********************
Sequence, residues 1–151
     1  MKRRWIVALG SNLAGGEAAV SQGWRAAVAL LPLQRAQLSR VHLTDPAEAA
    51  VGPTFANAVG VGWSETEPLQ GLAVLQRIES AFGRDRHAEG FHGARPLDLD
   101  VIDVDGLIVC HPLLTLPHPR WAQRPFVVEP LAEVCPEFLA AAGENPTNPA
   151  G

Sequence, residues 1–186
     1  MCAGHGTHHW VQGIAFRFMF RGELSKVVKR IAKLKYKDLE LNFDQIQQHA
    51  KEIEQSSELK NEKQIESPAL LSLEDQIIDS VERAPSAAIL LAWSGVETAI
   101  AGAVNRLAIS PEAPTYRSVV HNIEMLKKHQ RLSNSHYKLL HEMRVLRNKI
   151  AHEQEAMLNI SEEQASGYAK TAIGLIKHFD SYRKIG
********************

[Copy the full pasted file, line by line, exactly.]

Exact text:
Sequence, residues 1–151
     1  MKRRWIVALG SNLAGGEAAV SQGWRAAVAL LPLQRAQLSR VHLTDPAEAA
    51  VGPTFANAVG VGWSETEPLQ GLAVLQRIES AFGRDRHAEG FHGARPLDLD
   101  VIDVDGLIVC HPLLTLPHPR WAQRPFVVEP LAEVCPEFLA AAGENPTNPA
   151  G

Sequence, residues 1–186
     1  MCAGHGTHHW VQGIAFRFMF RGELSKVVKR IAKLKYKDLE LNFDQIQQHA
    51  KEIEQSSELK NEKQIESPAL LSLEDQIIDS VERAPSAAIL LAWSGVETAI
   101  AGAVNRLAIS PEAPTYRSVV HNIEMLKKHQ RLSNSHYKLL HEMRVLRNKI
   151  AHEQEAMLNI SEEQASGYAK TAIGLIKHFD SYRKIG